The Symposia

In We Want What's Ours: Learning from South Africa's Land Restitution Program (Oxford University Press, 2014), Professor Atuahene conducted 150 interviews with South Africans whom the colonial and apartheid authorities forcibly removed from their homes and lands as a result of racially discriminatory laws and policies. Using the South African case, the book develops two socio-legal concepts: dignity takings and dignity restoration.

Dignity Takings

There are some instances when property is taken from an individual or a group and the appropriate remedy is to give the thing (or something approximating its value) back. In other instances, property is taken as part of a larger strategy of dehumanization or infantilization. In these instances, compensating people for things taken is not enough because they lost more than their property. The takings was also an assault on their dignity. This dual harm is called a dignity taking.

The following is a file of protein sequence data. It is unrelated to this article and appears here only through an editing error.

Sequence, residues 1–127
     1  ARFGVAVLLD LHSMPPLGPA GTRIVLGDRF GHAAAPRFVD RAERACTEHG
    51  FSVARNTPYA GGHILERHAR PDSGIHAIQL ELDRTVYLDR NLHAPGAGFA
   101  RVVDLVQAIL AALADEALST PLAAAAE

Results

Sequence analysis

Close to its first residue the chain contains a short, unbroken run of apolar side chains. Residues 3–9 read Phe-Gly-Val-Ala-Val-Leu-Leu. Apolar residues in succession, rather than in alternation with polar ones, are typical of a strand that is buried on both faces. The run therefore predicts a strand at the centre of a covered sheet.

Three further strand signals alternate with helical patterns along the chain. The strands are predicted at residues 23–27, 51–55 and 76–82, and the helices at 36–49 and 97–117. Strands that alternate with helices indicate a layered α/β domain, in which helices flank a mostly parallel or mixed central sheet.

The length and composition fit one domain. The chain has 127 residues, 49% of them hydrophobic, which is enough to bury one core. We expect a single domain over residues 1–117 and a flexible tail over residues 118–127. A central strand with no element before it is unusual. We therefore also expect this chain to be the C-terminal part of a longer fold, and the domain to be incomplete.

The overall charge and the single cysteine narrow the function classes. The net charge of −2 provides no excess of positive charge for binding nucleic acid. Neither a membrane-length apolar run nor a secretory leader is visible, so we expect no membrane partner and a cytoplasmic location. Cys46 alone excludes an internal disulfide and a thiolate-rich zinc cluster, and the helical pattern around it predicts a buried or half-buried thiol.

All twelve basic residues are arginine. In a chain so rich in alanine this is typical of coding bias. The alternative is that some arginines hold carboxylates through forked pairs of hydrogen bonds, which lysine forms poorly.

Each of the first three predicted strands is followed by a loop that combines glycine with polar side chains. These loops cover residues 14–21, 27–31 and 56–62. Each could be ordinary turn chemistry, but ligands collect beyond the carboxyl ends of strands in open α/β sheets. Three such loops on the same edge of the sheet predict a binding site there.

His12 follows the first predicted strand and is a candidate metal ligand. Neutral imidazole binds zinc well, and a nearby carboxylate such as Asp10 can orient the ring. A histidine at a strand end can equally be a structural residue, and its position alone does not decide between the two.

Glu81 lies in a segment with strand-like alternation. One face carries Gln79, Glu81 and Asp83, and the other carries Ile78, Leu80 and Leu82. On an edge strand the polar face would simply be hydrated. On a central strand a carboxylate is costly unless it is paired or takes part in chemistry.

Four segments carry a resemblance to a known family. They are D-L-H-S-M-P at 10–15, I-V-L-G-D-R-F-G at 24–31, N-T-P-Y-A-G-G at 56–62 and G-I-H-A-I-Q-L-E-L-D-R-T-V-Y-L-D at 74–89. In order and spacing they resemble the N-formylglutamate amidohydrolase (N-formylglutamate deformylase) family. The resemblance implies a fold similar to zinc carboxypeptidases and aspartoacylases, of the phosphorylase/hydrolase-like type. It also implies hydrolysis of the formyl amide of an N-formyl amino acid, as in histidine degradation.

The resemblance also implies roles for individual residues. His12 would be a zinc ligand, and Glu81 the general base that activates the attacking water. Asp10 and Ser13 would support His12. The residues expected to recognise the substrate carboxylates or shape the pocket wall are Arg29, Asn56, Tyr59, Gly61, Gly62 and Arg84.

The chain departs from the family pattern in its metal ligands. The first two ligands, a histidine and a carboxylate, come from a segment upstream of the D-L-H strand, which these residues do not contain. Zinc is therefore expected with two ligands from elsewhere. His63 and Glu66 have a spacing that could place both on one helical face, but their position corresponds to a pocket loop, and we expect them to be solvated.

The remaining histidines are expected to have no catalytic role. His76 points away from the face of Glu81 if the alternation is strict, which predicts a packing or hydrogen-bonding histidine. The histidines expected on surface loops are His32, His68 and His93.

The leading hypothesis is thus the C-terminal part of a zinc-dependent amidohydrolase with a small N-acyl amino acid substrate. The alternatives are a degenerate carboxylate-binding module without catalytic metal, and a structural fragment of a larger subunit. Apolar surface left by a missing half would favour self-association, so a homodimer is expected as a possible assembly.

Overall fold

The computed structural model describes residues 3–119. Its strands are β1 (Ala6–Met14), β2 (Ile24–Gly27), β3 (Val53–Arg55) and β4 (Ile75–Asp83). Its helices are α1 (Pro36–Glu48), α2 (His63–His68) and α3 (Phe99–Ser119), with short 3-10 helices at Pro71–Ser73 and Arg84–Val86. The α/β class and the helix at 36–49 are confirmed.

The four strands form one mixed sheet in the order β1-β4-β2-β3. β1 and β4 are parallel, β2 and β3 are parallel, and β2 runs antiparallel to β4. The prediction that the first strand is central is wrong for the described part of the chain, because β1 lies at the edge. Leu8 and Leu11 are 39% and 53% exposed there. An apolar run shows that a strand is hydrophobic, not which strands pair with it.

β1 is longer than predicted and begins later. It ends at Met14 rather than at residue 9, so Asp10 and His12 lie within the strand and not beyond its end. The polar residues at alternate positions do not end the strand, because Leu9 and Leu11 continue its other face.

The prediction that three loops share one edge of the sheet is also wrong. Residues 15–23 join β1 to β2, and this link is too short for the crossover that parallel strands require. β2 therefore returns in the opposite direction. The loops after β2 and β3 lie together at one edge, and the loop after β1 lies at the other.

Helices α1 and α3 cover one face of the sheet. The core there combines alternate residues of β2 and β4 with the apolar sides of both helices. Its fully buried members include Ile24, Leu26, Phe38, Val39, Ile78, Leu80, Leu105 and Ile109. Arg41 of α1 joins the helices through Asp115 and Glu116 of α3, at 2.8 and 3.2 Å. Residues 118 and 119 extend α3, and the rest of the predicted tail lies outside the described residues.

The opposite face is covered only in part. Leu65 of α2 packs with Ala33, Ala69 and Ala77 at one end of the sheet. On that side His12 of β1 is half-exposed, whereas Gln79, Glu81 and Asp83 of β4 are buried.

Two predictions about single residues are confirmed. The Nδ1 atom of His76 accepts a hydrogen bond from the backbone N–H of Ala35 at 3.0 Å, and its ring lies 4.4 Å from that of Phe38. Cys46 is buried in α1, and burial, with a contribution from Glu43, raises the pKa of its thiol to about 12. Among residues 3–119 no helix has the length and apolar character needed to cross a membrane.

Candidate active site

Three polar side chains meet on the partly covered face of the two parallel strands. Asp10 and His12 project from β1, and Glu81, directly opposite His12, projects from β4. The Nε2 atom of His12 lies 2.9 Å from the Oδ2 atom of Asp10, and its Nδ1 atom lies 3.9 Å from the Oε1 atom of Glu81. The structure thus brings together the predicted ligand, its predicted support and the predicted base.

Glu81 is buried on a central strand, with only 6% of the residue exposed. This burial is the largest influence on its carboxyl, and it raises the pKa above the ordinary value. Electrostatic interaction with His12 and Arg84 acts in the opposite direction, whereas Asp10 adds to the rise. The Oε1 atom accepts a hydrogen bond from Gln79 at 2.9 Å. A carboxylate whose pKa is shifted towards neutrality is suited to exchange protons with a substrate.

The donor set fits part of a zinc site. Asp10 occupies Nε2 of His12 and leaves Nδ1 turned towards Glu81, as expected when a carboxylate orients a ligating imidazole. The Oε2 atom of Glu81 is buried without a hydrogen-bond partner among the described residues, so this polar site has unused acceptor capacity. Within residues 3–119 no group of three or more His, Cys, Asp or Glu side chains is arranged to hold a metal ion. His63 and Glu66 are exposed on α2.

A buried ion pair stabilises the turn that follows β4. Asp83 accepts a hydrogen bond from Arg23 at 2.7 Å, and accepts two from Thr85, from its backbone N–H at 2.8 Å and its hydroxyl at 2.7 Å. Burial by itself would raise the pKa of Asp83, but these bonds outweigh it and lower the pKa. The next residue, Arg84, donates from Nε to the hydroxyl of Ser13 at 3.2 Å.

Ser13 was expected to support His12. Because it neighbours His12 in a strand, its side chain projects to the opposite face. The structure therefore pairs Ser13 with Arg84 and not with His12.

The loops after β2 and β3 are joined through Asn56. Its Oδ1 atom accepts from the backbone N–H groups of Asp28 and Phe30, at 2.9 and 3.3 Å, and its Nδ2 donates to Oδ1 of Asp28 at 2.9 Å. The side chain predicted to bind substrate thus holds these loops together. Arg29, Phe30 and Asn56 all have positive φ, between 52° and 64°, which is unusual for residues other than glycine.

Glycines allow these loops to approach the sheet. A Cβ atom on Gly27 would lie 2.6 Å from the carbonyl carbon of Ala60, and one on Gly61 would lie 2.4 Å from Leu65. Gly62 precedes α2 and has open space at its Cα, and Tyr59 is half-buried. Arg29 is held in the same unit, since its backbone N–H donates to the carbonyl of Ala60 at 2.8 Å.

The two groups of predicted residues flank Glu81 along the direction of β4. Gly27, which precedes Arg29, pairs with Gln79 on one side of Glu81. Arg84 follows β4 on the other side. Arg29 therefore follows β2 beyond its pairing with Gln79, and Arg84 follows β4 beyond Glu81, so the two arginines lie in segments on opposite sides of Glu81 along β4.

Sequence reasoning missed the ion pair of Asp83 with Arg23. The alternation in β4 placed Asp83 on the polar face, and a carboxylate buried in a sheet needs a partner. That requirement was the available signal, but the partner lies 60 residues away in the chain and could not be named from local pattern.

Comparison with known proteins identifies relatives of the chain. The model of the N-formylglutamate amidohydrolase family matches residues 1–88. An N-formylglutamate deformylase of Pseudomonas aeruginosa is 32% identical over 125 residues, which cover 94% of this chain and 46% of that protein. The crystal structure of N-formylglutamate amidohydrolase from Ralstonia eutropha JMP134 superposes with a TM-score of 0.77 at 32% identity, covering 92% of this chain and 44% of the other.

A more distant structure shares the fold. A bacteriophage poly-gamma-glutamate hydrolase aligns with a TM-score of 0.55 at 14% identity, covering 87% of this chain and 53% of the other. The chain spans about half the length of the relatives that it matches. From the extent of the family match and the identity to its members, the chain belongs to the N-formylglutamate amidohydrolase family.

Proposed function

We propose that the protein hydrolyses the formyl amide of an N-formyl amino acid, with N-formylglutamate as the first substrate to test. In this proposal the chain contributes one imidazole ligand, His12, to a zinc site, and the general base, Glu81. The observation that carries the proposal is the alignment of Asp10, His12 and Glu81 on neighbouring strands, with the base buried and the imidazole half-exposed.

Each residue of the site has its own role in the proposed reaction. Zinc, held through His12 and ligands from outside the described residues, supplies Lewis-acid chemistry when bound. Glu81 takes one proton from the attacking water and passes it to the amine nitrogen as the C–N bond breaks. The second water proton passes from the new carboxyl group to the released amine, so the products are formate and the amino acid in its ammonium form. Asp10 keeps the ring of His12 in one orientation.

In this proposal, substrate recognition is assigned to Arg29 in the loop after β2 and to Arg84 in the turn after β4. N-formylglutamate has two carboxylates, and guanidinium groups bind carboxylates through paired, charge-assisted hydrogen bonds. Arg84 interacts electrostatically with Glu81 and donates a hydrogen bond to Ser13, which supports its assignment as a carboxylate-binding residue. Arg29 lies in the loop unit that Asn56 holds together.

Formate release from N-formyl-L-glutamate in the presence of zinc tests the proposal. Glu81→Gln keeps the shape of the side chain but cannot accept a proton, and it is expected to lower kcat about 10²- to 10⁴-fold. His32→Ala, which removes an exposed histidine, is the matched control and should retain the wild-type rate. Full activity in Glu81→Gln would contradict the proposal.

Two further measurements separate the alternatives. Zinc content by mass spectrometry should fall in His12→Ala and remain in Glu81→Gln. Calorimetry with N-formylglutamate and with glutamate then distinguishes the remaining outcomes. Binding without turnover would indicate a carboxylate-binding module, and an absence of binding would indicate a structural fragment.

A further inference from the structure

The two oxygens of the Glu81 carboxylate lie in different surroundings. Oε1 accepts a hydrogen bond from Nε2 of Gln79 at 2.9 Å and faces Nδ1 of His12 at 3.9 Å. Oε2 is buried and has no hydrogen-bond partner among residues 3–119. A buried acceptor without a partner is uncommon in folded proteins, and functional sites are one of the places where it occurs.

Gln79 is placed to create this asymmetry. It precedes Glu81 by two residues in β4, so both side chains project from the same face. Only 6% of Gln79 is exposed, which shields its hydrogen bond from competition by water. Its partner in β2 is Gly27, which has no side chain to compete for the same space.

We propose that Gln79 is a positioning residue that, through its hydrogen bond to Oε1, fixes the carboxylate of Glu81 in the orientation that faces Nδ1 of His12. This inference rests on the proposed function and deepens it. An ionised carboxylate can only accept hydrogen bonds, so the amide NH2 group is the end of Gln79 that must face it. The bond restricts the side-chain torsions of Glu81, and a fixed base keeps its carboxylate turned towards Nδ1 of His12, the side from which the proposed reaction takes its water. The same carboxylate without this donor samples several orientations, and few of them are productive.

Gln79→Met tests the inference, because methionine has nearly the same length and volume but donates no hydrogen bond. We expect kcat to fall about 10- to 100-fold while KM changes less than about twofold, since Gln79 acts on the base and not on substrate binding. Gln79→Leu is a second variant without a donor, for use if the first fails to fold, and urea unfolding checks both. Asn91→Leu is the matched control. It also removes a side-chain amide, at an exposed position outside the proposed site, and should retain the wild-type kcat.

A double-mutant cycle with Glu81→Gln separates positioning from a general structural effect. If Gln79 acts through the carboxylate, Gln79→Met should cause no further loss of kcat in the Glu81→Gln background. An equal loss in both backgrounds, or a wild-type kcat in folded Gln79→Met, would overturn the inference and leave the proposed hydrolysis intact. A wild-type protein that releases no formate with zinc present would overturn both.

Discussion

Dignity Restoration

The appropriate remedy for a dignity taking is something more than mere reparations (i.e. compensation for things taken). Instead, dignity restoration, which addresses deprivations of both property and dignity, is required. Dignity restoration compensates individuals and communities for things taken through processes that affirm their humanity and embrace their agency.

In three different symposia, more than 30 scholars have taken the concepts of dignity takings and dignity restoration beyond the South African situation and applied them to case studies in diverse temporal and geographic contexts.

Dignity Takings and Dignity Restoration: Creating a New Theoretical Framework for Understanding Involuntary Property Loss and the Remedies Required

Dignity Takings and Dignity Restoration

Special Focus: Dignity Takings and Dignity Restorations